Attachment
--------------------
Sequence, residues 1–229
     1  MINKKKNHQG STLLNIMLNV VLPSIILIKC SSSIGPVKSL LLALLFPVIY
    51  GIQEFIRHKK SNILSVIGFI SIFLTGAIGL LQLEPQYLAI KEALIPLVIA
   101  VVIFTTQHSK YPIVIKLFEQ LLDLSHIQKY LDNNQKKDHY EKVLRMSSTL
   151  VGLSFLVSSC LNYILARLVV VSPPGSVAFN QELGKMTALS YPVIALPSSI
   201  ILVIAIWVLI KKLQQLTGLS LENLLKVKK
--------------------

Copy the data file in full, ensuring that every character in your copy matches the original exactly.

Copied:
Sequence, residues 1–229
     1  MINKKKNHQG STLLNIMLNV VLPSIILIKC SSSIGPVKSL LLALLFPVIY
    51  GIQEFIRHKK SNILSVIGFI SIFLTGAIGL LQLEPQYLAI KEALIPLVIA
   101  VVIFTTQHSK YPIVIKLFEQ LLDLSHIQKY LDNNQKKDHY EKVLRMSSTL
   151  VGLSFLVSSC LNYILARLVV VSPPGSVAFN QELGKMTALS YPVIALPSSI
   201  ILVIAIWVLI KKLQQLTGLS LENLLKVKK